“You’ve got to see Takashi Miike’s films. They’re absolutely stunning,” Robert Richardson exclaims. The cinematographer believes Miike — a director of ultraviolent Japanese Yakuza films — is one of the most dynamic talents in modern cinema.
“Visitor Q” is one of Richardson’s favorites. It opens with a television journalist taping himself as he has sex with his daughter as part of an “investigative” piece on “young people today.” ” ‘Visitor Q’ deals with incest, S&M cultures, brutality among family members, and yet it doesn’t do so within the context of a heavy problem drama, but within the fast-paced melodrama of a Yakuza movie,” says Richardson.
He believes most American films fall into two moribund categories: big bland studio blockbusters, or the self-important high drama of independent films. “What’s so exciting about Miike’s work is it breaks free of all categories,” says the d.p. “He walks through subject matter that American filmmakers don’t dare to trespass on, and does so in a visually inspired way.”
Richardson had never seen a Miike movie until he began to work on “Kill Bill.”
Quentin Tarantino had Richardson watch not only Yakuza movies, but also Hong Kong kung fu spectaculars, Japanese anime, blaxploitation pictures from the ’70s, and spaghetti westerns and Godzilla movies from the ’60s.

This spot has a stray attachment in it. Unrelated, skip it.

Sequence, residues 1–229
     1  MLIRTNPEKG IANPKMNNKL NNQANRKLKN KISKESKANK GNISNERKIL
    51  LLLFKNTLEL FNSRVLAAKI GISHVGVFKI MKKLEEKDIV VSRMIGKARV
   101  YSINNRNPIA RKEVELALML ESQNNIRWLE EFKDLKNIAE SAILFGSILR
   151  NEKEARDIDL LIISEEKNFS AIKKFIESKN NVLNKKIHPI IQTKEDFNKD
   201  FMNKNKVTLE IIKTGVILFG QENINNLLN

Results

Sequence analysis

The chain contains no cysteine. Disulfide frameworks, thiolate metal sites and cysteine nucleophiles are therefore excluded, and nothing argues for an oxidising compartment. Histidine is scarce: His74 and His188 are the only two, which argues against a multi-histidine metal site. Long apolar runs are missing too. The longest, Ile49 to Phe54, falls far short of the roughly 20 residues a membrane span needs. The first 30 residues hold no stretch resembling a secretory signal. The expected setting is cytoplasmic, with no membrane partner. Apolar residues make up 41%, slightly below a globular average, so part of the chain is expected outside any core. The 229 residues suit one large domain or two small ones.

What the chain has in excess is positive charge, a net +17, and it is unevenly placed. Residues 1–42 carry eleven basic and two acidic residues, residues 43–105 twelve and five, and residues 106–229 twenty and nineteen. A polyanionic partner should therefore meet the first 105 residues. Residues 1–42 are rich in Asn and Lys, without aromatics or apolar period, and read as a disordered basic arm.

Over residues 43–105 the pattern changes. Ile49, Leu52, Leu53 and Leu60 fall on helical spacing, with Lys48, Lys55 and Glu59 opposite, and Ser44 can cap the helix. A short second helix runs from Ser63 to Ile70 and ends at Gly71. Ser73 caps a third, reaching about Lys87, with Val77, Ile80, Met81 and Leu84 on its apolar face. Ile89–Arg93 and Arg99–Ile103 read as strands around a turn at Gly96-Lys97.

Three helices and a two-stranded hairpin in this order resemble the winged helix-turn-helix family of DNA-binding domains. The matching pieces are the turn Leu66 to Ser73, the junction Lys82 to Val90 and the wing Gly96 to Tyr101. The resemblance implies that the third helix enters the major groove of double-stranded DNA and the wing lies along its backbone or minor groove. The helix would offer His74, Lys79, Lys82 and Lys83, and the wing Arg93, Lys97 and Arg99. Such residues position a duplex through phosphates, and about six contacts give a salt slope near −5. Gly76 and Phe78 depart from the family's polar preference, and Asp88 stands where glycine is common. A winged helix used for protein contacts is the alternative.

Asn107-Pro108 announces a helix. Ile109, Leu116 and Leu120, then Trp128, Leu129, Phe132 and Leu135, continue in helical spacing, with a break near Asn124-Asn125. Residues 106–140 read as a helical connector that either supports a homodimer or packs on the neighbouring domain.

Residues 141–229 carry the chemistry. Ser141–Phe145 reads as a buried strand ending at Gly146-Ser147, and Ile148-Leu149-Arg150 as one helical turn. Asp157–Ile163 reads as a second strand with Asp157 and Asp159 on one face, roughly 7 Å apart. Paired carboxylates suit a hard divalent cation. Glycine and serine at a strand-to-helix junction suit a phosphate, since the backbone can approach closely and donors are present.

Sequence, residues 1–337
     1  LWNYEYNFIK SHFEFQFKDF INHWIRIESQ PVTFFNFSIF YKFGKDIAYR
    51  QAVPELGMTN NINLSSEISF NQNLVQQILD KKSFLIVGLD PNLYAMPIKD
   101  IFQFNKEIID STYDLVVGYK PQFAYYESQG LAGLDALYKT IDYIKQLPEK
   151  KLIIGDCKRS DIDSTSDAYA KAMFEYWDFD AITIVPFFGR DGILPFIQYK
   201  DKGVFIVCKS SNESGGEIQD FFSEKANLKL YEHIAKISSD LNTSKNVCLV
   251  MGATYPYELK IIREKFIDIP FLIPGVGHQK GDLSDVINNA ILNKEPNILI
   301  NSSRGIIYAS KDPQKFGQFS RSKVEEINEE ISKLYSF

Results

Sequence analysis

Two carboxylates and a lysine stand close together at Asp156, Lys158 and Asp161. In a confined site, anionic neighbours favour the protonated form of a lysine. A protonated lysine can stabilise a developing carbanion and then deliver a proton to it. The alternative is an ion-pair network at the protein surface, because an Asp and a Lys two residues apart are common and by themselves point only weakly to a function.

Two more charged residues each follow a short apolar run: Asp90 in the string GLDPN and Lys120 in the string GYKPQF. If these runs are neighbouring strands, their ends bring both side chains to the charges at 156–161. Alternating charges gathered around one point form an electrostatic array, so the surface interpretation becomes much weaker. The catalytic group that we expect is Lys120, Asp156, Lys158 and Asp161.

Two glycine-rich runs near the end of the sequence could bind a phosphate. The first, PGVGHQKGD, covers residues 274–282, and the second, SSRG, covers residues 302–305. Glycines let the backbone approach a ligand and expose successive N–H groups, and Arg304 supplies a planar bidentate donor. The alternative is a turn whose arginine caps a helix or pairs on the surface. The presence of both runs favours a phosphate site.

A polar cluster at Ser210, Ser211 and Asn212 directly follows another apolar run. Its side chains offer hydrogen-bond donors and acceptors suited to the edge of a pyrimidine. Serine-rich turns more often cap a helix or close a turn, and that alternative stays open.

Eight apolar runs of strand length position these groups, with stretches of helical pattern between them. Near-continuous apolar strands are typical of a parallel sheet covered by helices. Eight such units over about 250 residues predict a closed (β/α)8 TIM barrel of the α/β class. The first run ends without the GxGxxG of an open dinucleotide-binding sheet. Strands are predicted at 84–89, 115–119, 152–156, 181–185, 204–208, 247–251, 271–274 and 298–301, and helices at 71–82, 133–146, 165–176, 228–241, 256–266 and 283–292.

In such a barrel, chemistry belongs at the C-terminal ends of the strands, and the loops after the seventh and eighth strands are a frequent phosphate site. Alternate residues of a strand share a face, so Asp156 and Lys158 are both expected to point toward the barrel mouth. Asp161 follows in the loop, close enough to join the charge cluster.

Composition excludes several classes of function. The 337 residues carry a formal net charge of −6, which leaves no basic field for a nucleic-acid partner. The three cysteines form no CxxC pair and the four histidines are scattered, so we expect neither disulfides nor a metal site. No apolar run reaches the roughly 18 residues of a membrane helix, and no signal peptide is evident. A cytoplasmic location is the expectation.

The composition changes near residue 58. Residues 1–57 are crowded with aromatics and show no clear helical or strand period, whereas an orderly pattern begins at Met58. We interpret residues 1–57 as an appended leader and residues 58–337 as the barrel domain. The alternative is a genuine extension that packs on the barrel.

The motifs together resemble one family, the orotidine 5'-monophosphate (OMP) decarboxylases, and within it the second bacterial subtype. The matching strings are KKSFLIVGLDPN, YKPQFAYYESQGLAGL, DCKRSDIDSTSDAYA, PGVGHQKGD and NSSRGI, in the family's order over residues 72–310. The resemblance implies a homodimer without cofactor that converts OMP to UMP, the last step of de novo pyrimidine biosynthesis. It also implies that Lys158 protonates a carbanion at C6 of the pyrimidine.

Tarantino believed there was an unpretentious poetry in the cinematic syntax — snap zooms, brazenly stylized lighting, and lurid colors — of exploitation movies, and he wanted to incorporate those flourishes into the look of “Kill Bill.” Richardson became an enthusiastic conspirator.
In the climactic battle between Uma Thurman and the Lucy Liu’s “Crazy 88” in the House of Blue Leaves nightclub, Richardson employed radical transitions between soft and hard lighting. “The lighting starts soft and moves toward higher contrast levels,” says Richardson. “As the battle continues the backgrounds drop off and the center arena becomes more prevalent.”
For other sequences, Richardson duped footage over and over again until it attained the texture of old Kung Fu movies that Tarantino wanted to evoke. “There was a scene with Uma Thurman on an airplane,” Richardson recalls. “Quentin pointed to a sunset color in an old Godzilla movie and said, ‘This is what I’m looking for.’ So we would do a series of tests and show them to him until he said, ‘Yes, that’s the color.’ ”
Key tools: Panavision Platinum Cameras with Primo lenses; Super 35mm. Film stocks: Kodak EXR 100D 5248, EXR 200T 5293; Vision 320T 5277, Vision 500T 5279; Vision 800T 5289, Double-X 5222.
Aesthetic: “The lighting tended to work toward more vibrant color, which is done through more direct light instead of backlight so the color’s enhanced. We pushed those colors further in post-production through a digital intermediate. This allowed us to keep normal flesh tones but make our backgrounds more brightly lit.”
Challenge: “The martial arts sequences were the most difficult. Quentin wanted to work in an old school manner where CG work was not being utilized in the way of much contemporary work. He wanted it done for real. Most of the stunts and special effects had to be practical, rather than created in post.”
Oscar pedigree: Nominated for “Platoon” (1986), “Born on the Fourth of July” (1989), “Snow Falling on Cedars” (1999); won for “JFK” (1991).